By Paul Westermeyer
When I was in college, a nearby church was open 24/7 for private prayer and meditation. For reasons of size, staffing, and design, not all churches could provide this opportunity, but I had learned by that time that there were churches in almost every community that could and did provide it. I also had learned it was not a new thing. The church has always been a place for sanctuary and prayer.
Not everybody in the church used this opportunity, and there is no reason why everybody should have. The number of people who used it was a pretty small percentage (though probably larger than one may think), but it became clear to me that it was important to those who did use it. It served the church and the world in a hospitable and welcoming way. It gave a much-needed pause for spiritual refreshment to anyone who sought it not only regularly—which some did — but also those who used it only once, or once in a while. Though tours in cathedrals have tended to turn churches into museums, even there tourists are told to respect those who are praying.
“Open for prayer” has gradually stopped. I found one church that reversed it with barbed wire and No Trespassing signs. At a church that was unlocked, a person blocked the door and told me I was only welcome to enter during service times. I have wondered more and more what this signifies. The Covid pandemic has made it more difficult than ever to keep churches open, of course, but closed churches are not only a result of the pandemic. In addition to the pandemic restrictions, security and safety concerns are a cause in normal times. So are our transportation and living arrangements. There are more cars, and people often live too far away from churches to walk quickly and easily to them.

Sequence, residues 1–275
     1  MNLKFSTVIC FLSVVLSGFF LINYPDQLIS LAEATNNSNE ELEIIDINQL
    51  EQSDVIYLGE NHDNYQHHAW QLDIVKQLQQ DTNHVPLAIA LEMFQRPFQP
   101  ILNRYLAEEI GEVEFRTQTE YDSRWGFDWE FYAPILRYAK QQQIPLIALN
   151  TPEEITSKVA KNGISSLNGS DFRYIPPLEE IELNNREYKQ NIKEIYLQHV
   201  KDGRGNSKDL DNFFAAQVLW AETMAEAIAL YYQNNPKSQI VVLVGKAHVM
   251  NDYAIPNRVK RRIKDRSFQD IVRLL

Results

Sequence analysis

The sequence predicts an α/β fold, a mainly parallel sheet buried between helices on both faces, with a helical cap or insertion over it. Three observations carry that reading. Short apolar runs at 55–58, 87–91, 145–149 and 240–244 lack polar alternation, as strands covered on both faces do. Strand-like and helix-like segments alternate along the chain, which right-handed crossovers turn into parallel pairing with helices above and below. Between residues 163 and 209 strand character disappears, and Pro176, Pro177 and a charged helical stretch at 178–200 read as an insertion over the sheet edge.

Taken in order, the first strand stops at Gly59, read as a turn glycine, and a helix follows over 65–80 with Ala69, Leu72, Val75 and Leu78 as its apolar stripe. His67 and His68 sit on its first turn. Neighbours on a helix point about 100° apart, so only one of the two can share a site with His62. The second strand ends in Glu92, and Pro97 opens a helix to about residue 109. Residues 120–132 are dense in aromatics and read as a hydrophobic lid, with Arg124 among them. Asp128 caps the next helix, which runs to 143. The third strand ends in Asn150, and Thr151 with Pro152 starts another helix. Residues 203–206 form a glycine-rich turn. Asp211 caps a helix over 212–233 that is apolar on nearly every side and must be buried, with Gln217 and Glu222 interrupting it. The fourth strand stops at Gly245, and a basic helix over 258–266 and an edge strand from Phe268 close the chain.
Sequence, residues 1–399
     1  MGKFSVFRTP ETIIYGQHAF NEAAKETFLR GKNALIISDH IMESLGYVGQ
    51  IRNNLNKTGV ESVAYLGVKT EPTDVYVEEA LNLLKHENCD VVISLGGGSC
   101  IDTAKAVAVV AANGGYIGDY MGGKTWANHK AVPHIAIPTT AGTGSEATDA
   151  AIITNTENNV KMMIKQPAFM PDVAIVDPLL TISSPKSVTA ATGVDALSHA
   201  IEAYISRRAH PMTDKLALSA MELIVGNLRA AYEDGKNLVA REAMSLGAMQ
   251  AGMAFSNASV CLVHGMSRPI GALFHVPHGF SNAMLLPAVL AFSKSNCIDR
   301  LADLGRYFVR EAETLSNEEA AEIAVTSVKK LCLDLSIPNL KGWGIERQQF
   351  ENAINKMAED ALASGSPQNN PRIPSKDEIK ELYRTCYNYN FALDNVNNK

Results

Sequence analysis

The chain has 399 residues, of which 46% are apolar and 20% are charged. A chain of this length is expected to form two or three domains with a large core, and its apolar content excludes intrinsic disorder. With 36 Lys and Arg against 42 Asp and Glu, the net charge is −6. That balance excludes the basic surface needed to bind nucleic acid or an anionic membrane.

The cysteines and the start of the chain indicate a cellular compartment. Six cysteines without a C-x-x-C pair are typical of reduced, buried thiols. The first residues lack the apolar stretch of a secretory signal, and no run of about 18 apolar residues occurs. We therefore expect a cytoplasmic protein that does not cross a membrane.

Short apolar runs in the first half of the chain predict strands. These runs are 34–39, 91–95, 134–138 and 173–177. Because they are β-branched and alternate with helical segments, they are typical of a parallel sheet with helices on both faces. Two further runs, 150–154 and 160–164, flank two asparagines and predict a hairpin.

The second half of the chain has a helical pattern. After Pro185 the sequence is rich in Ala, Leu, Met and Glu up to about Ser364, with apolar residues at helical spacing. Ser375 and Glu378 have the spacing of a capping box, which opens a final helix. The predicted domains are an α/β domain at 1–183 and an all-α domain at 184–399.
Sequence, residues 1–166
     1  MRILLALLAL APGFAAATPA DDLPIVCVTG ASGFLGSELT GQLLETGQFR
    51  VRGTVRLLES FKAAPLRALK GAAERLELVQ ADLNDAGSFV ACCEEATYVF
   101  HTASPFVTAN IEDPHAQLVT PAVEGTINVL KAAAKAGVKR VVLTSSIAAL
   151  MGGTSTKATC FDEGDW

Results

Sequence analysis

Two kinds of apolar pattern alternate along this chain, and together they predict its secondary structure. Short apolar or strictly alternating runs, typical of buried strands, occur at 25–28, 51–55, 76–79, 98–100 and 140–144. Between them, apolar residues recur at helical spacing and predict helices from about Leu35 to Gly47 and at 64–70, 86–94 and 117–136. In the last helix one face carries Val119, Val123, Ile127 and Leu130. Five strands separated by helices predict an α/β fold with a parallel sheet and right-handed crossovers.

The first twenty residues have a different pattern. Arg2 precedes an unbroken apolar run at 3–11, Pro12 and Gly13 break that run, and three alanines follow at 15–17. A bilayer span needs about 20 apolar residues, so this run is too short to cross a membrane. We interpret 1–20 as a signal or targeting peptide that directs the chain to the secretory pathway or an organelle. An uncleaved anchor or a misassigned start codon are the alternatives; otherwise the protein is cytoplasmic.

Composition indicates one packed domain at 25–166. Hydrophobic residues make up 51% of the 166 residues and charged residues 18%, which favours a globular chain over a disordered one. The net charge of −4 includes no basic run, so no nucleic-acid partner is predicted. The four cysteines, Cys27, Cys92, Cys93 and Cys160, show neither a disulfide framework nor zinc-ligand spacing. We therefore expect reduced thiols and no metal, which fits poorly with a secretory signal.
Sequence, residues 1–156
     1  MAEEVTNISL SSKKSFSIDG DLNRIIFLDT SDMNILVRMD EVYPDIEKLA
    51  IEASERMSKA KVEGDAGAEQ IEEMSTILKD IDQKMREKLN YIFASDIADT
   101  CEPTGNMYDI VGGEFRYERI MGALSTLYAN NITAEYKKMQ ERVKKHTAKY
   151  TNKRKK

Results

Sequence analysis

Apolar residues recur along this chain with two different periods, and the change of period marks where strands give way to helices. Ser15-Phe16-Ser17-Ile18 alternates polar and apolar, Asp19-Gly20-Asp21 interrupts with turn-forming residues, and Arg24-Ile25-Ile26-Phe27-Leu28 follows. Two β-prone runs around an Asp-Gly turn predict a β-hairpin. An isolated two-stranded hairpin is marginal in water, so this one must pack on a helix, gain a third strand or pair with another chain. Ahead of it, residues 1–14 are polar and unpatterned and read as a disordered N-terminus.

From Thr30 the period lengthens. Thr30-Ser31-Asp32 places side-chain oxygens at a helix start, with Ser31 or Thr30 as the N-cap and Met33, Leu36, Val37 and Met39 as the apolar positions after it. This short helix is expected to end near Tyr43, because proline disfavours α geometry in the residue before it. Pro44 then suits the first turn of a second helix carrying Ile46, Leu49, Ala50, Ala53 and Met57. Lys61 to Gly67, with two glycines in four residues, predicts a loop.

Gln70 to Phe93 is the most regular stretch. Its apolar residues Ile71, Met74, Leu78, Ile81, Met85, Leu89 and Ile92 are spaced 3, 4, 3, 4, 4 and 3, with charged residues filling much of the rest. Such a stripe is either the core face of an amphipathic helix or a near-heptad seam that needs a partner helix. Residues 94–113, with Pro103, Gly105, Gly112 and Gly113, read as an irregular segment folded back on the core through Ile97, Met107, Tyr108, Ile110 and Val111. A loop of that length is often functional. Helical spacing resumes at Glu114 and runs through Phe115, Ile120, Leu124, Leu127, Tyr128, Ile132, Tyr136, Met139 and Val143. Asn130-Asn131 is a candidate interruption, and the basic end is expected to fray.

None of these factors should be minimized, but is the importance of statistical tabulations that propel our market-driven economy also a cause, and maybe even the primary one? I would question whether it is a legitimate one. Is anything used by a few people by definition of questionable value? Should the personal prayer and meditation that arise from the church’s communal worship be controlled by the empire’s economy and popular opinion? Should the church provide a place for private prayer whether or not it is profitable and popular?
Of course we can pray in our closets, bedrooms, and kitchens; but there is value in offering places of retreat in or near (as in a prayer chapel) the sacred spaces where the body of Christ gathers communally around Word, Font, and Table with the cloud of witnesses and the iconography that’s there. Do statistics really matter? Or is the gathering of two or three in Christ’s name more important?
A much larger question lies beneath the surface, a question about the relationship between private prayer, common prayer, and the common good with its justice. I do not mean to suggest that nobody in the church cares about these matters. Clearly, there are those who do. I only wonder if we as the church generally have neglected questions like this, and whether closed churches are a symptom of this neglect. Have we separated private prayer and justice into isolated entities, minimizing their importance by pulling them out of their natural habitat in the rainbow of God’s grace and mercy?
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Paul Westermeyer is Emeritus Professor of Church Music and Cantor at Luther Seminary where he directed the Master of Sacred Music degree program with St. Olaf College. His life’s work has been devoted to church music and the role of the church musician. His writing includes Te Deum: The Church and Music, The Church Musician, and the Companion to Evangelical Lutheran Worship.